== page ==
Livestrong Seeing Impact From Cloudy Reputation Surrounding Founder Lance Armstrong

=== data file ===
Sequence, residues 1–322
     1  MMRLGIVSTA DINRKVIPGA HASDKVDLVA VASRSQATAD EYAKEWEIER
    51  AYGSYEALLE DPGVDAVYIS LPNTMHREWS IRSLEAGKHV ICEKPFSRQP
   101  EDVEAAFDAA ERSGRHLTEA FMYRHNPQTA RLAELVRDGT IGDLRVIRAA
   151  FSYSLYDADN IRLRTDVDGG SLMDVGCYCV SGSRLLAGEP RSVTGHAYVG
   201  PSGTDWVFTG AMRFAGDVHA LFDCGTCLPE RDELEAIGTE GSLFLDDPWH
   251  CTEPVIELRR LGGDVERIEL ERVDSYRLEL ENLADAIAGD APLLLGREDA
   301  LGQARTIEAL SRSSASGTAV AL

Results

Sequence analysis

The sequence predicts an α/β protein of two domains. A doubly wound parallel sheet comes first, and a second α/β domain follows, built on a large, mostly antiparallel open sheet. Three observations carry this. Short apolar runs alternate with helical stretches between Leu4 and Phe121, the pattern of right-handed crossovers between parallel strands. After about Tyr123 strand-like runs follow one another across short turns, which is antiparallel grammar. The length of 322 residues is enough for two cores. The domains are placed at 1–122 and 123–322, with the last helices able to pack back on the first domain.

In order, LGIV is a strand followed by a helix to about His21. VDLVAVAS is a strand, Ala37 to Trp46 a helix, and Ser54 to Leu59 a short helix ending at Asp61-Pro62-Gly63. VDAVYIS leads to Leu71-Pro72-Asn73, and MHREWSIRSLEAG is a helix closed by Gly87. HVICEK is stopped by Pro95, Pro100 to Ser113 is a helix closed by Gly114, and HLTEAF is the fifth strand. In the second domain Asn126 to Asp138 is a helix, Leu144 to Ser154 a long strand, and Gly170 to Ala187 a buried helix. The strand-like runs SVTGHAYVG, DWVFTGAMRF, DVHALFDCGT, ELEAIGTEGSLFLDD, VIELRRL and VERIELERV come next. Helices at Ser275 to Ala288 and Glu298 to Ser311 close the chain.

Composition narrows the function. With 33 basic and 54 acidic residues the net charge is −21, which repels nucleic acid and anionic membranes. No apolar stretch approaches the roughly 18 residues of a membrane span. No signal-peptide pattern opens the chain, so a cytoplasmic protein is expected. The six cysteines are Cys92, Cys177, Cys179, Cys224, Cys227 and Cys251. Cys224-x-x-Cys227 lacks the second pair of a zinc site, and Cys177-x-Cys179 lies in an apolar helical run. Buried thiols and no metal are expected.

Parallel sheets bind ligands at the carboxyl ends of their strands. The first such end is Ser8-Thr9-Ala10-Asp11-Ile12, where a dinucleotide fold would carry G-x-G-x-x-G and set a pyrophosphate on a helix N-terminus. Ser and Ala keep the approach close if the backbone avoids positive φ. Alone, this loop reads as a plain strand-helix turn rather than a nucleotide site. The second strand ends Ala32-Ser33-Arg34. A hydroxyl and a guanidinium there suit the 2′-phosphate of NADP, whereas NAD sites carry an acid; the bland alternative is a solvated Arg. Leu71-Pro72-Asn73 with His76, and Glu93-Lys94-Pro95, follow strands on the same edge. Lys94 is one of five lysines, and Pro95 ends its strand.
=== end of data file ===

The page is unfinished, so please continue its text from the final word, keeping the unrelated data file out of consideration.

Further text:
Livestrong needs the “popularity of its mission to transcend the reputation of its founder” Lance Armstrong in order to “thrive regardless of how the doping allegations are resolved,” according to a sports section cover story by Brent Schrotenboer of USA TODAY. Two years after federal prosecutors opened an investigation into doping allegations against Armstrong, the charity “forges on, striving to keep the focus on its massive mission: supporting cancer survivors.” But now Livestrong “must deal with questions about how it can unglue itself” from Armstrong. Q Scores found that after “years of rumors and accusations, nearly three times more Americans dislike Armstrong than like him.” Livestrong “took a hit in June when USADA outlined its charges in a letter to Armstrong.” The charges “put his deal with the World Triathlon Corporation in jeopardy -- a one-year agreement that was to pay $1 million to the foundation in exchange for Armstrong's appearances.” So far, the WTC “has paid Livestrong $250,000.” Livestrong CEO Doug Ulman said, "The good news is the organization is as strong as ever. It continues to serve our mission.” But he added, “That said, we do see an impact. One is the constant barrage of media attention, even though it has nothing to do with the mission (of the foundation)." Schrotenboer writes it is a “fine line for the foundation to walk.” Livestrong “wants to support its founder, though it only can do so to a point, lest it breach ethical boundaries” (USA TODAY, 8/9).